>>> J = {('s1', 's2'): 0.5, ('s1', 's3'): 0.5, ('s2', 's3'): 0.5}
>>> sampleset = sampler.sample_ising({}, J, num_reads=100,
... flux_drift_compensation=False)
```

## h_gain_schedule¶

Sets a time-dependent gain for linear coefficients (qubit biases, see the h parameter) in the Hamiltonian. This parameter enables you to specify the \(g(t)\) function in,

where \({\hat\sigma_{x,z}^{(i)}}\) are Pauli matrices operating on a qubit \(q_i\) and \(h_i\) and \(J_{i,j}\) are the qubit biases and coupling strengths.

This time-dependent gain, \(g(t)\), is specified, similarly to the anneal_schedule parameter, by a series of pairs of floating-point numbers identifying points in the schedule at which to change the gain applied to h. The first element in the pair is time, \(t\) in microseconds with a resolution of 0.01 \(\mu s\) for Advantage and 0.02 \(\mu s\) for D-Wave 2000Q systems; the second, the unitless \(g\) in the range h_gain_schedule_range. The resulting time-dependent gain is the piecewise-linear curve that connects the provided points over the same range of times as the anneal_schedule.

The following rules apply to the set of gain points provided:

Time \(t\), in microseconds, must increase for all points in the schedule.

The first point of time must be zero, \(t=0.0\).

The last point of time must match the last time in the anneal_schedule or the annealing_time.

The number of points must be \(\geq 2\).

Additional rules that govern maximum slope (i.e., how quickly \(g(t)\) can change) vary by product; check the QPU properties document for your system.

Default \(g(t)\), when left unspecified, is 1, which can be explicitly coded as

```
h_gain_schedule=[[0,1],[t_final,1]]
```

where t_final is the requested annealing time.

### Relevant Properties¶

h_gain_schedule_range defines the range of the time-dependent gain values permitted for the solver.

Note

In conjunction with the auto_scale parameter, the h_gain_schedule parameter enables you to extend the range of your submitted problem’s linear coefficients (h) beyond the advertised h_range. Such use is not recommended for standard problem solving: the QPU is calibrated for linearity only within the advertised h_range and j_range. Increased integrated control errors (ICE) are expected outside that range.

If you configure

`auto_scale=False`

when using this parameter, ensure that \(\max_i(h\_gain*h_i)\) and \(\min_i(h\_gain*h_i)\) are within h_range.max_anneal_schedule_points defines the maximum number of anneal-schedule points permitted.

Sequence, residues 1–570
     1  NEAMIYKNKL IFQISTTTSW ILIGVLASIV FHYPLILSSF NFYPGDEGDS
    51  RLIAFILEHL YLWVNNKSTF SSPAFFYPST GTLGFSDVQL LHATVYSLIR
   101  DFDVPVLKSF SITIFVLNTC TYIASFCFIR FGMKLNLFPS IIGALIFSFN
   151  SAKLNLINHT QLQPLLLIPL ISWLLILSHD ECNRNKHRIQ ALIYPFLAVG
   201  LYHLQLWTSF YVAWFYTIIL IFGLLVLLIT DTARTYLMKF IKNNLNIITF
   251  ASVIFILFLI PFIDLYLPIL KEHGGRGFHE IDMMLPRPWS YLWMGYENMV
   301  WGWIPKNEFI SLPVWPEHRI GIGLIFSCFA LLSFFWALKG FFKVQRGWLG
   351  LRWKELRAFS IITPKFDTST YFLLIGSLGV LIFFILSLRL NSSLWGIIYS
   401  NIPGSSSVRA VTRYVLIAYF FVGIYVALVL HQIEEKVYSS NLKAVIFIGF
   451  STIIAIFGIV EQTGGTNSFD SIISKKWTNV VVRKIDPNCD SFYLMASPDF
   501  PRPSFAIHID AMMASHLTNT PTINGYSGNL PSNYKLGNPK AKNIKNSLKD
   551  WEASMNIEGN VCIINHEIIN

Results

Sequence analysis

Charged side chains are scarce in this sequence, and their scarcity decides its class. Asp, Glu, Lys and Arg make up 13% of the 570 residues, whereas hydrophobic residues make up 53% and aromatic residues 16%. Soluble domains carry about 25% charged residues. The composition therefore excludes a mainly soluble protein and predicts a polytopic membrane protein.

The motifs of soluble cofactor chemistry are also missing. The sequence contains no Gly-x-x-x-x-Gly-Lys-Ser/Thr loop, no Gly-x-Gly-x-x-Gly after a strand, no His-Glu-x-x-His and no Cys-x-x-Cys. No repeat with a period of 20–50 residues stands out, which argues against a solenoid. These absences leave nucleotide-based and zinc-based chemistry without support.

max_h_gain_schedule_points defines the maximum number of gain changes allowed.

### Interacts with Parameters¶

h defines the linear biases for the problem.

anneal_schedule defines the anneal schedule.

### Example¶

This illustrative example sets an h-gain schedule.

```
>>> from dwave.system import EmbeddingComposite, DWaveSampler
>>> sampler = EmbeddingComposite(DWaveSampler())
>>> h = {'s1': 1, 's2': 1.5, 's3': -0.75}
>>> J = {('s1', 's2'): 0.5, ('s1', 's3'): 0.5, ('s2', 's3'): 0.5}
>>> anneal_schedule = [[0.0, 0.0], [40.0, 0.4], [140.0, 0.4], [150, 1.0]]
>>> h_schedule = [[0.0, 1], [40.0, 1], [140.0, 2], [143.0, 0], [150, 0]]
>>> sampleset = sampler.sample_ising(h, J, num_reads=500,
... anneal_schedule=anneal_schedule,
... h_gain_schedule=h_schedule)
```

## initial_state¶

Initial state to which the system is set for reverse annealing. Specifies the initial classical state of all qubits.

Provide (*qubit*, *state*) pairs, where *qubit* is the qubit index, *i*, and
*state* is:

-1 or 1—Ising problems, active qubits

0 or 1—QUBO problems, active qubits

3—Unused or inactive qubits

### Interacts with Parameters¶

anneal_schedule defines the anneal schedule. When initial_state is provided, indicates that the requested anneal schedule change is a reverse anneal.

reinitialize_state reinitializes for each anneal. Note that this impacts timing.

num_spin_reversal_transforms is incompatible with reverse annealing.

### Example¶

This illustrative example configures a reverse-anneal schedule on a random native problem.

```
>>> from dwave.system import DWaveSampler
>>> import random
>>> qpu = DWaveSampler()
>>> J = {coupler: random.choice([-1, 1]) for coupler in qpu.edgelist}
>>> initial = {qubit: random.randint(0, 1) for qubit in qpu.nodelist}
>>> reverse_schedule = [[0.0, 1.0], [5, 0.45], [99, 0.45], [100, 1.0]]
>>> reverse_anneal_params = dict(anneal_schedule=reverse_schedule,
... initial_state=initial,
... reinitialize_state=True)
>>> sampleset = qpu.sample_ising({}, J, num_reads=1000, **reverse_anneal_params)
```

## max_answers¶

Specifies the maximum number of answers returned from the solver. Must be an integer > 0.

If answer_mode is

`histogram`

—Total number of distinct answers. Because answers in this mode are sorted by energy, these are the best`max_answers`

answers.If answer_mode is

`raw`

—Limits the returned values to the first max_answers of num_reads samples. In this mode, max_answers should never be more than num_reads.

Default value is num_reads.

### Interacts with Parameters¶

num_reads defines the maximum number of requested answers.

answer_mode defines the answer mode.

### Example¶

This illustrative example resulted in fewer samples than the configured num_reads.

```
>>> from dwave.system import EmbeddingComposite, DWaveSampler
>>> sampler = EmbeddingComposite(DWaveSampler())
>>> J = {('s1', 's2'): 0.5, ('s1', 's3'): 0.5, ('s2', 's3'): 0.5}
>>> sampleset = sampler.sample_ising({}, J, num_reads=1000,
... max_answers=5)
>>> print(sampleset)
s1 s2 s3 energy num_oc. chain_.
0 +1 -1 -1 -0.5 202 0.0
1 -1 -1 +1 -0.5 132 0.0
2 +1 -1 +1 -0.5 112 0.0
3 -1 +1 -1 -0.5 248 0.0